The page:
Children can make money thanks to the digital technologies lying around the home. “We try to encourage our two teenage daughters to spend as much time creating their own stuff rather than consuming other people’s,” Lee Hills, founder of MrExplainer.com, says. In practice, it means no more playtime, but with this free time, what are they up to now?
“My eldest daughter has her own Instagram account focused on posting her daily drawings, and my youngest makes YouTube videos,” Hills says. He adds that they don’t have any money to show for their efforts just yet, but that he’s trying to encourage them to be creative and make for their own enjoyment. The great thing about the digital world of today, and in particular, YouTube, is that original content can be monetized through the platform, and that means they can make money.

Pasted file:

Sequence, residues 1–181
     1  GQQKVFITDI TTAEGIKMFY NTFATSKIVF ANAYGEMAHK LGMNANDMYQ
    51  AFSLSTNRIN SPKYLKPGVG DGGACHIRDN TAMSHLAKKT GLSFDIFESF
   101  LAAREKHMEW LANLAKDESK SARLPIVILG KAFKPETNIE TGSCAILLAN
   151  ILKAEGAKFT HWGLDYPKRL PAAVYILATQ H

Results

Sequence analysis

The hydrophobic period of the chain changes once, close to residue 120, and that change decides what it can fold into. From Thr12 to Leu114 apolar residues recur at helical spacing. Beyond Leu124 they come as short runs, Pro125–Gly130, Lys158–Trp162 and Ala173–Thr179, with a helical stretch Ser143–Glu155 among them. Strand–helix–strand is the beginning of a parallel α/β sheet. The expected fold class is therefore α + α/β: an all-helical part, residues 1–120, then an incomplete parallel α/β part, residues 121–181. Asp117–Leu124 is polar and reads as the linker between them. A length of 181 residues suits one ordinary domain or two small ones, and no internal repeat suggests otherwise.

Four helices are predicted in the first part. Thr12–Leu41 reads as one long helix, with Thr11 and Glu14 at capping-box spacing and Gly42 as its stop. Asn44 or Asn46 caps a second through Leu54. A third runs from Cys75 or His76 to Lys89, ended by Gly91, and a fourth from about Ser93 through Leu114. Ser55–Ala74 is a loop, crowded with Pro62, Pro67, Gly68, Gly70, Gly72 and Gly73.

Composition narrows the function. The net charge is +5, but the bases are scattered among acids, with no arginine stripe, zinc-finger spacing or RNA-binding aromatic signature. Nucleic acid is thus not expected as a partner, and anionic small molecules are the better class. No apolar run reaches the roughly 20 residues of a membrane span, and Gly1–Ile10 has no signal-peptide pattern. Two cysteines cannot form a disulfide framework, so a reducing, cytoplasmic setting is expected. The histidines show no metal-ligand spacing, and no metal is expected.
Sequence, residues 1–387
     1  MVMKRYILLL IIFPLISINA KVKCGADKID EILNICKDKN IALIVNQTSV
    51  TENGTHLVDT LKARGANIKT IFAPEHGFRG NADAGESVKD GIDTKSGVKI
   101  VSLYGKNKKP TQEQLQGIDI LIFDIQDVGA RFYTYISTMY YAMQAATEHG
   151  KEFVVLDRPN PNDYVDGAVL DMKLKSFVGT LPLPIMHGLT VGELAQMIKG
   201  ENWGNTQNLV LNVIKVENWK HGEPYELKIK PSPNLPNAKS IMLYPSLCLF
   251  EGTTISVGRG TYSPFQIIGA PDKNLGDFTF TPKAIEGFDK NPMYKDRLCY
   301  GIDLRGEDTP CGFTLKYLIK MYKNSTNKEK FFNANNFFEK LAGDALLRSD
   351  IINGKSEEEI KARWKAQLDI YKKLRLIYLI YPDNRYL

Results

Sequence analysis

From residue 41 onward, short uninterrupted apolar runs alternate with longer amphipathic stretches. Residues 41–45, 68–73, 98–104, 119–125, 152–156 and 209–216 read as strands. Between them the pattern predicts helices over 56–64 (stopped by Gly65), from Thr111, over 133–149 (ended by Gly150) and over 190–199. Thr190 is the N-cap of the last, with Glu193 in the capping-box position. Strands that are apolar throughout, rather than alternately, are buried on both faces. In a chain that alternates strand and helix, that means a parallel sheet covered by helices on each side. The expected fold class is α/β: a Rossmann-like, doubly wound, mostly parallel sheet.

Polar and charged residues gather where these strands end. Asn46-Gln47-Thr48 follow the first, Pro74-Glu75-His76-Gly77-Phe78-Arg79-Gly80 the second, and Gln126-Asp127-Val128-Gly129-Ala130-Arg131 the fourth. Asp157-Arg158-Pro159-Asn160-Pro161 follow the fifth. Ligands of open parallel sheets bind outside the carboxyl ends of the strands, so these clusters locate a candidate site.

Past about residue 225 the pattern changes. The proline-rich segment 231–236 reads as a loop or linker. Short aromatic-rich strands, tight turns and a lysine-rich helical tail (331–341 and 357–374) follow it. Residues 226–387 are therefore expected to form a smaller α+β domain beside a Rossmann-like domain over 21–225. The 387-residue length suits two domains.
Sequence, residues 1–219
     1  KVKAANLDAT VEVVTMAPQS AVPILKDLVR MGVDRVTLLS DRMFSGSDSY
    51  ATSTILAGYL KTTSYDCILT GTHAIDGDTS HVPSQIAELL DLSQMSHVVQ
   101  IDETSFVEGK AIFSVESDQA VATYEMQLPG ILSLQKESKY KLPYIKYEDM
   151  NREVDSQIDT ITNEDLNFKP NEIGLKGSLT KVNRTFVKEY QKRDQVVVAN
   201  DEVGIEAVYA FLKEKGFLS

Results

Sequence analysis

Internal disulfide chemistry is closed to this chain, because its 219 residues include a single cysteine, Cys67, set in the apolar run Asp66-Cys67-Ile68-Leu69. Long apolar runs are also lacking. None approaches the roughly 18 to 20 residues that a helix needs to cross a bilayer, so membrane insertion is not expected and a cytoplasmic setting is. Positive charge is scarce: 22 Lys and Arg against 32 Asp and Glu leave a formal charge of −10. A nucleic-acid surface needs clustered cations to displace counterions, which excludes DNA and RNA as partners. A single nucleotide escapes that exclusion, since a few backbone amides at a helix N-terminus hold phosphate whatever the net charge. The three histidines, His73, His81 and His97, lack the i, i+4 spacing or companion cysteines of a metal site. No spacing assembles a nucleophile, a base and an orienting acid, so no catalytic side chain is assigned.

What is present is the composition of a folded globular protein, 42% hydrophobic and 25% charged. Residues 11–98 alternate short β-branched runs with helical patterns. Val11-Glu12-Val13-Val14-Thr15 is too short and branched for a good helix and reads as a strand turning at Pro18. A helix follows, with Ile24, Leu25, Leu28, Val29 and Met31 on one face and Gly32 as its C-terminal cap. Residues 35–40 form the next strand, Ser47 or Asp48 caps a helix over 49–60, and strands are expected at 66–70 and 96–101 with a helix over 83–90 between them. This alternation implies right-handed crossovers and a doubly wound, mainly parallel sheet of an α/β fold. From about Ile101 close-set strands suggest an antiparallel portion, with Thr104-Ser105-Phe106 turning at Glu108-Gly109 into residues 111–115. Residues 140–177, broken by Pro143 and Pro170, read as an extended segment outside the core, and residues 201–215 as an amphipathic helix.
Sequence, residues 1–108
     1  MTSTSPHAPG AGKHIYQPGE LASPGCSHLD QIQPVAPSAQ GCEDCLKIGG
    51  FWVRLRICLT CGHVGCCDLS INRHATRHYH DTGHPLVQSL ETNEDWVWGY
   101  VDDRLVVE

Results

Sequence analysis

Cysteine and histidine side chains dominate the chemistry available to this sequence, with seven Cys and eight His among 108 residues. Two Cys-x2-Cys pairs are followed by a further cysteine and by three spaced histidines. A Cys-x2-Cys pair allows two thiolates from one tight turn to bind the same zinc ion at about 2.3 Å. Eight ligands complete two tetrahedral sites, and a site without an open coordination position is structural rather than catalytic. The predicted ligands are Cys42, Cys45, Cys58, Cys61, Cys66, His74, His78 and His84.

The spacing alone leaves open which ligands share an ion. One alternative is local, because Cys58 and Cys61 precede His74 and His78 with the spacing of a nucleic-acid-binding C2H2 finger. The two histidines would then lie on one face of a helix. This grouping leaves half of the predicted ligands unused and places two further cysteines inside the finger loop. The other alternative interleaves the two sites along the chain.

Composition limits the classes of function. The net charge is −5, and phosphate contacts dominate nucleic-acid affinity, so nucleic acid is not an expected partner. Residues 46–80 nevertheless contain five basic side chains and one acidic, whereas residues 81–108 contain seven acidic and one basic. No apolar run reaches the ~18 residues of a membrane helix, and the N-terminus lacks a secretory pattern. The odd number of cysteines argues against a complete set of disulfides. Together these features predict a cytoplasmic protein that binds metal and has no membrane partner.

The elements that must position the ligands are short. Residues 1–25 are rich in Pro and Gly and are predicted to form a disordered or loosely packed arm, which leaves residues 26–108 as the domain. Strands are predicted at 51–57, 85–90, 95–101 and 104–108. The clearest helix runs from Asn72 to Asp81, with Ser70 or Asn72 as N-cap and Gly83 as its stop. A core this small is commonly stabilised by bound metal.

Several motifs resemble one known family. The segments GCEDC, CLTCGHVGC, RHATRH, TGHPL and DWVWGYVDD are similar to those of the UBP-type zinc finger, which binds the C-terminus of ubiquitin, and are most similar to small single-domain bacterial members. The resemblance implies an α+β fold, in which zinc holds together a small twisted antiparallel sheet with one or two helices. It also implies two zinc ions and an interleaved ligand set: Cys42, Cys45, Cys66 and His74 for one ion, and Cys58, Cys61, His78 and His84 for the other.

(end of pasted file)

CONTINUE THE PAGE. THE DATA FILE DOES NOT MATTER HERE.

4. Healthy Drinks Salesperson
Reed Floren from Business Success Systems was a businessman from an early age. As a kid, he sold Mountain Dew, Smarties candy, and even the pickle slices from his cheeseburgers. Between 1999 to 2005 (13-19 years old) Floren was earning USD10–20 a day selling snacks to his friends over lunch breaks.
His start-up costs were small. He’d buy a six-pack of Mountain Dew for a couple of dollars and then sell each one for USD1 a piece or the price of a lunch ticket (USD 1.75 at the time). Floren used the profits to fund buying candy. “I always had plenty of spending money on me when we went on field trips. If other students needed a loan when we were out and about I could give them a few bucks and most of them paid me back the very next day with interest,” he says.
5. Coffee Purveyor
According to coffee shop owner Julie Dye of Oklahoma City in the USA, her 10-year-old daughter makes coffee, provides cream, and sells pastries sourced from a community food reclamation project. “Everything is USD1. We invite a bunch of people over to our house on Facebook, and she serves everyone on the porch,” Dye adds.